Last Friday I spoke with Nader Qaimari, the Senior VP of Marketing for Cengage Learning, about MindTap (TM). MindTap is a program of digital products and service, including Cengage content, that engages students via interactivity. MindTap plans to bring digital textbooks to life. In the interview, Nader discusses how library resources fit into MindTap. More information on MindTap, including sample videos is available at cengage.com/mindtap.
The New York Times reported that Inkling, an interactive textbook development company who make textbooks for the iPad, has received funding from two large textbook publishers, Pearson and McGraw Hill. From the article:
“The amount invested by Pearson and McGraw-Hill, among the biggest textbook publishers, was not disclosed. Inkling’s total investment to date, including money invested previously by several venture capital firms, is just under $10 million, according to a source who requested anonymity because of the confidential nature of the deals. Continue reading
Cengage Learning recently unveiled MindTap™, a program of digital products and services, including Cengage content, that engages students through interactivity and offers instructors choice in content, platforms, devices and learning tools. Beyond an eBook, course delivery platform or Learning Management System, MindTap is the first in a new category of Personal Learning Experiences (PLEs). MindTap is device agnostic, giving students access to their course materials anytime, anywhere – on their desktops, laptops, tablets or mobile phones.
At the core of MindTap is MindTap Reader™, which is a new interactive platform that brings digital textbooks to life. The MindTap Reader adds significant reading learning activity functionality embedded within the context of text and other elements including video/audio, annotations, activities, applications and instructor source materials, while also preparing existing products to take advantage of future MindTap services. Continue reading
While at the O’Reilly Tools of Change conference earlier this week, I attended a session on literary reviewing in the digital age. Bob Carlton from Kirkus was on the panel and provided an overview of the new project Kirkus is taking on to review children’s book apps. It will be live in early March. The full press release is below.
Maintaining its position as the first review resource to bring a critical eye to children’s book apps as a distinct new category, Kirkus Reviews today announced the creation of a discovery engine devoted exclusively to this burgeoning area of publishing and app development. Available in early March, it will be found at http://www.kirkusreviews.com/childrens-book-apps/. Continue reading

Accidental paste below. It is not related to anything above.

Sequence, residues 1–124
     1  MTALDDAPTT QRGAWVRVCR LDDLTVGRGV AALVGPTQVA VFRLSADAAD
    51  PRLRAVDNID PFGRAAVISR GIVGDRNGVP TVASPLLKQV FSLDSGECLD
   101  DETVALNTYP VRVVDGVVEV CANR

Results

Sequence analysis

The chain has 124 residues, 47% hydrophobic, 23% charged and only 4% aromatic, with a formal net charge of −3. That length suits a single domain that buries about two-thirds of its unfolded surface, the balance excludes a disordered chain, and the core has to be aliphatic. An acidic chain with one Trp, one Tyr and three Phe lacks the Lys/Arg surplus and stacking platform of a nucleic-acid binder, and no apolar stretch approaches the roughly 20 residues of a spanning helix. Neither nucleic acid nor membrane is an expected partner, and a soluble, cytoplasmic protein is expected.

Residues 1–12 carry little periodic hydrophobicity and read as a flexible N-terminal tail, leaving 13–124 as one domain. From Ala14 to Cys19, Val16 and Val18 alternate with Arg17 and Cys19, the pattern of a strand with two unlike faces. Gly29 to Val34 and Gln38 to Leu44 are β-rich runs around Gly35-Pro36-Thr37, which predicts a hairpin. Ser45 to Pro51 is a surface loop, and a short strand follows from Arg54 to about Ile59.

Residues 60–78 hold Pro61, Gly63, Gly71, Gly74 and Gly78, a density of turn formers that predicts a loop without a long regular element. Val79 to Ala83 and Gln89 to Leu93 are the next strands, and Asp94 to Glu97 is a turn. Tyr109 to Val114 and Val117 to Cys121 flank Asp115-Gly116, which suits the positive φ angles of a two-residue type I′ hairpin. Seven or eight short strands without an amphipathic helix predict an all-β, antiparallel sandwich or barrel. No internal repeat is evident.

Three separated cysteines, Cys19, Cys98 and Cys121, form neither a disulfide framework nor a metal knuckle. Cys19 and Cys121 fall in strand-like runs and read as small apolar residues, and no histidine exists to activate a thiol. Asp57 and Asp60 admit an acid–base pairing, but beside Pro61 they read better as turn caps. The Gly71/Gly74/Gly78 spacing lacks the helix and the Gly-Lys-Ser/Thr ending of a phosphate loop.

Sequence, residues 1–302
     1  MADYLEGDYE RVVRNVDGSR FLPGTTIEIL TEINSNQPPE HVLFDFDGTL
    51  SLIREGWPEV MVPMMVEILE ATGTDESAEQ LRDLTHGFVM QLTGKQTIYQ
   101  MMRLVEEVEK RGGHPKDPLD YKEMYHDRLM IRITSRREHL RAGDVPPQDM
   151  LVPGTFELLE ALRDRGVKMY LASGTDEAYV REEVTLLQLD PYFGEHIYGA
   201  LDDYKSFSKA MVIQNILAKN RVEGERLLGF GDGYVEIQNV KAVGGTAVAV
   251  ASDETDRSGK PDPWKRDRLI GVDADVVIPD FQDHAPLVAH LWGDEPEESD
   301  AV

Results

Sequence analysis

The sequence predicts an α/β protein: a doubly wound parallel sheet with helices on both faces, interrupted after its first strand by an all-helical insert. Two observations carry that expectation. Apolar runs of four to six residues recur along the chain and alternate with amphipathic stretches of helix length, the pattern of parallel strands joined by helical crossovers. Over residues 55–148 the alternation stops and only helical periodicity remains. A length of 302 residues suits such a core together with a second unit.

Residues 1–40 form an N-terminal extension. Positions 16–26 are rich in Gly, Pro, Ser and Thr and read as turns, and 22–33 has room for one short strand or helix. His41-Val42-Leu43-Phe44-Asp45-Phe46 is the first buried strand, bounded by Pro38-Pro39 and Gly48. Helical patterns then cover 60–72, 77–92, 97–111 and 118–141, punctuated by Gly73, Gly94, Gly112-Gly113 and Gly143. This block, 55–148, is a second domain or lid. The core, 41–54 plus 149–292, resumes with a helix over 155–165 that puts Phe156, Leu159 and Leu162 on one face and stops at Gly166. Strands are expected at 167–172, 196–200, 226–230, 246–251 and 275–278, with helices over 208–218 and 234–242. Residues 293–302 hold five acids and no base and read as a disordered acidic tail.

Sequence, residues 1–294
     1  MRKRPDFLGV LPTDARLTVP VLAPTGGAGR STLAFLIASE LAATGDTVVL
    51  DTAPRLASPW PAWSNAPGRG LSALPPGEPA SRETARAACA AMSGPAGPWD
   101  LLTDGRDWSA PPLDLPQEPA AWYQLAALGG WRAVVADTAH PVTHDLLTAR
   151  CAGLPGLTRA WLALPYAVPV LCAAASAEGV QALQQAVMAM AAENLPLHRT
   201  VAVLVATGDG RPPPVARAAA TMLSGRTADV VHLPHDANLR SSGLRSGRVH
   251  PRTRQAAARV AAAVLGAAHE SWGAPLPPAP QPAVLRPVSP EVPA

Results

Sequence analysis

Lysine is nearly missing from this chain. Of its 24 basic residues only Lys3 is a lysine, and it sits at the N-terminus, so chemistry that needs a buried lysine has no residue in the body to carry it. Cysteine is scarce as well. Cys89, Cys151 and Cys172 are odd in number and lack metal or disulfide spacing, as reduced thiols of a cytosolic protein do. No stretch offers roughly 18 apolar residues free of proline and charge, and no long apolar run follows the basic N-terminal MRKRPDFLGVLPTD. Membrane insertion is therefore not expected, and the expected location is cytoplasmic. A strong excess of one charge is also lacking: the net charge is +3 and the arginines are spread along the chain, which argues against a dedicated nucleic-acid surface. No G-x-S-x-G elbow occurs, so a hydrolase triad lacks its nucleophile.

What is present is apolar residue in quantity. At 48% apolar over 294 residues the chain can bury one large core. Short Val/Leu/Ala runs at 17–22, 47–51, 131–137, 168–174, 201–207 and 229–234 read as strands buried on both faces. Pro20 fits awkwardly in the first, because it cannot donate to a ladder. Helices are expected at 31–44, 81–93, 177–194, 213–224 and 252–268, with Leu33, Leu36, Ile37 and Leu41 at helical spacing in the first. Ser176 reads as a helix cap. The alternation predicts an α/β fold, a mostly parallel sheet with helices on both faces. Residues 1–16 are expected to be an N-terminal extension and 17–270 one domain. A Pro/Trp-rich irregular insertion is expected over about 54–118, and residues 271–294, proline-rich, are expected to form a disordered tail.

Summary of Tools of Change session, reprinted in full from Teleread.com by Paul Biba
Bill Godfrey (Elsevier), Rich Rothstein (HarperCollins Publishers), Andrew Savikas (O’Reilly Media, Inc.)Moderated by: Abe Murray (Google, Inc. )
Savikas: first foray in 1987. Stared with cd books and online books in 2001, which was first substantial digital presence. Wish is that Amazon would adopt epub as their standard. Digital is now about a decade for O’Reilly, and one of the biggest changes is that there are many more markets for digital products. Can’t imaging what it will be like in 10 years. Book will not go away – neither the package nor the long form narrative type of content. There will be a whole new category of new media that probably can’t be called books any more. Over the last 100 years more and more layers built up between publishers and consumers and web is bringing us back to a more direct relationship. In his experience the interest in enhanced ebooks seems to come from the publishers more than it does from the reader. Now that books can know that they are being read this can lead to enhanced opportunities. Databases are prime examples for turning into enhanced books. Not convinced that advertising will be as much of the future of newspapers and magazines it has been in the passed. Newspapers have lost the monopoly of being a source of local information. There is what value and need for what newspapers provide, but the package is obsolete. Publishers should be taking a stronger role in advocating with the retailers and device makers. Big piece of the epub 3 revision is to support dynamic delivery to different devices. Continue reading